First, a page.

Stream responseBody = myResponse.GetResponseStream();

 Encoding encode = System.Text.Encoding.GetEncoding(”utf-8″);
 StreamReader readStream = new StreamReader(responseBody, encode);

 //return string itself (easier to work with)
 return readStream.ReadToEnd();

}

The above code requests ‘url’ and returns the response to the calling code. You’ll need to import System.Net, System.I0 and System.Text to use it. The Google Analytics API requires (well not always but mostly) authorization tokens to be included in headers which are sent along with requests to the API. An example of how an authorization key is included via HTTP headers when AuthSub or ClientLogin mode is used is also included above. You’ll notice the expected format of the Authorization header changes slightly based on what authentication mode your app is using.

How to authenticate (step 1 of possible 3) using AuthSub. (ClientLogin can be used here instead)
As outlined by Google on the Protocol page regarding AuthSub authentication:

AuthSub proxy authentication is used by web applications that need to authenticate users to Google Accounts. With AuthSub, the website operator and the client code never see the user’s username and password. Instead, the client obtains special AuthSub tokens which it uses to act on a particular user’s behalf.

To use this mode your app must first direct users (via a standard link) to the Google site to login securely. After logging in takes place Google will redirect users back to your app with a query param named ‘token’ embedded in the URL. Your app then in turn needs to upgrade this once off token for a session token, it does this yes you guessed it via a HTTP request.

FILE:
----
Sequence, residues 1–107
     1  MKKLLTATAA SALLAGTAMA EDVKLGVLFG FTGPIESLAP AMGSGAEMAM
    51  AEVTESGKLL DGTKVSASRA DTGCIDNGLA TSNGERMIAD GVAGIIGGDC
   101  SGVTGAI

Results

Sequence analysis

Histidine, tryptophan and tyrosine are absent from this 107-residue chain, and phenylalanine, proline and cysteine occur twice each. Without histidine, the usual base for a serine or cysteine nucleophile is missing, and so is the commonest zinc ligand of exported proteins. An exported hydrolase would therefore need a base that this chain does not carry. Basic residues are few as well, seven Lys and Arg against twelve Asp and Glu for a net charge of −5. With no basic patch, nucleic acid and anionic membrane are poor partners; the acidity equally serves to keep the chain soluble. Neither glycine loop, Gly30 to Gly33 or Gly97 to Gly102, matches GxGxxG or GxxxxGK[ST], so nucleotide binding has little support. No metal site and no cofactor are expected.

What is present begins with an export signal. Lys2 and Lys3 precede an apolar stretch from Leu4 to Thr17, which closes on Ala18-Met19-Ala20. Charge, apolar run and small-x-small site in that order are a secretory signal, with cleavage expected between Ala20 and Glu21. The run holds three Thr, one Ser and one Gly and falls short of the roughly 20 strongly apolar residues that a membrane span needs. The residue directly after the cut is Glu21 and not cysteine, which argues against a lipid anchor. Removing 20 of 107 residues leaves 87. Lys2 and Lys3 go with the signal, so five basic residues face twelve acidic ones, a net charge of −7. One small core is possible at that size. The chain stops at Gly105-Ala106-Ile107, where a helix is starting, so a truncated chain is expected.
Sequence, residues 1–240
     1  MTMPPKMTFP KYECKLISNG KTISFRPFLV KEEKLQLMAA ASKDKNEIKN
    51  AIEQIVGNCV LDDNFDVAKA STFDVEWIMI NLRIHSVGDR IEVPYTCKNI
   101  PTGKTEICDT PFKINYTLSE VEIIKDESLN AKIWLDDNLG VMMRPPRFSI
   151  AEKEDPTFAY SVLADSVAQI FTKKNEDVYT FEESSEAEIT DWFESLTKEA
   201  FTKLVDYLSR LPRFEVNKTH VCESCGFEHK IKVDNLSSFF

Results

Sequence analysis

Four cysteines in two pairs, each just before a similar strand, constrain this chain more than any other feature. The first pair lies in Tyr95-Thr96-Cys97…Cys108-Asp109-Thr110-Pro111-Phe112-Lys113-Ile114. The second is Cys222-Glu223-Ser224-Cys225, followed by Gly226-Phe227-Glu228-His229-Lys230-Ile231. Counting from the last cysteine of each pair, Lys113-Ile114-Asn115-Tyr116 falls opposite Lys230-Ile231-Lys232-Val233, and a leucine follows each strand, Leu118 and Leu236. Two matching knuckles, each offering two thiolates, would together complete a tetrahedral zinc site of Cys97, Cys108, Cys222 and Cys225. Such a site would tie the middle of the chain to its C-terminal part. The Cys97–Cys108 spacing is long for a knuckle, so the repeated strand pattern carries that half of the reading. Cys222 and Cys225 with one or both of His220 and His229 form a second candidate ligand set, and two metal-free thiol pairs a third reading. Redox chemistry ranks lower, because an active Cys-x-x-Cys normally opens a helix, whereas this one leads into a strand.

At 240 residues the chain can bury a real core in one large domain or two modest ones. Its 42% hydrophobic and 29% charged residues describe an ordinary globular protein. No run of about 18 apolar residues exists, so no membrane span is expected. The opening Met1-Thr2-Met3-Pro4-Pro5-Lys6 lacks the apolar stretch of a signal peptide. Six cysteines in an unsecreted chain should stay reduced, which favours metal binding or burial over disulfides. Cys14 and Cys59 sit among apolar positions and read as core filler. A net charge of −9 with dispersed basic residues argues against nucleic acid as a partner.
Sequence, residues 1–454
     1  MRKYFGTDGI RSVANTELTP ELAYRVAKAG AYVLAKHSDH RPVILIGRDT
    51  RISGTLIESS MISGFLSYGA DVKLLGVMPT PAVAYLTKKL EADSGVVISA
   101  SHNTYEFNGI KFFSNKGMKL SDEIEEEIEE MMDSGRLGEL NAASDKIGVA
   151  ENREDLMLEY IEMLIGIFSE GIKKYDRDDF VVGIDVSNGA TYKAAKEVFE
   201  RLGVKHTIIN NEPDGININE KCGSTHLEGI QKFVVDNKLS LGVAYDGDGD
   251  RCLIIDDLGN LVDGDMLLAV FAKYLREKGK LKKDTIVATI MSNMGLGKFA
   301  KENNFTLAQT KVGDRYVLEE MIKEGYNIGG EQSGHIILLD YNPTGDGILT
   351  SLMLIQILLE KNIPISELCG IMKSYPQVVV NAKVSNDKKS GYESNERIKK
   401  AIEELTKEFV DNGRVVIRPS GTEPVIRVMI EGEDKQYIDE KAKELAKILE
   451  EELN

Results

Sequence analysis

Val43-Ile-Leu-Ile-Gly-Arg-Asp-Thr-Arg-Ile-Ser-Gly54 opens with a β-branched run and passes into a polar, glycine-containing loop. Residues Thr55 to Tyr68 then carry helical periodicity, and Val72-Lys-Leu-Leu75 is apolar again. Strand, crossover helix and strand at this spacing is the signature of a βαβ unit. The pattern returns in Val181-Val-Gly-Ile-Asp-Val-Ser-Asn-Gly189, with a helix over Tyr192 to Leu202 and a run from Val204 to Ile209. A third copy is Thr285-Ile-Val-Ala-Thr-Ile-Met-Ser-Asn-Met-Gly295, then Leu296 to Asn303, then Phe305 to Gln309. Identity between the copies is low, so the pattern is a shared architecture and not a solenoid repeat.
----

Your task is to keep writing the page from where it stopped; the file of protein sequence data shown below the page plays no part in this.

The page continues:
Click on the ‘AUTHSUB REMOTE LOGIN’ link on http://www.davecallan.com/analytics/ to see what the process is like (notice the address bar when you get redirected back to my site). Notice also the structure of the link which directs users to the login page on Googles site in the first place. In my case it’s

https://www.google.com/accounts/AuthSubRequest?
&next=http://www.davecallan.com/analytics/default.aspx

&scope=https://www.google.com/analytics/feeds/
&secure=0
&session=1

The most important param here is ‘next’. It is used by Google after authentication to determine where to redirect the user to. Please read http://code.google.com/apis/analytics/docs/gdata/1.0/gdataProtocol.html#AuthSub for an explanation of the other params.

In terms of upgrading the once of token in the address bar to a longer term session token, well I’m using the method below for that

//used when you have authenticated on Google (via AuthSub & query params) & have a temp token
public static string getSessionTokenAuthSub(string tempToken)
{

string response = GArequestResponseHelper(”https://www.google.com/accounts/AuthSubSessionToken“, tempToken, mode.AuthSub);

 //temp (once off) token will have been exchanged for session token, return it
 return response.Split(’=')[1];

}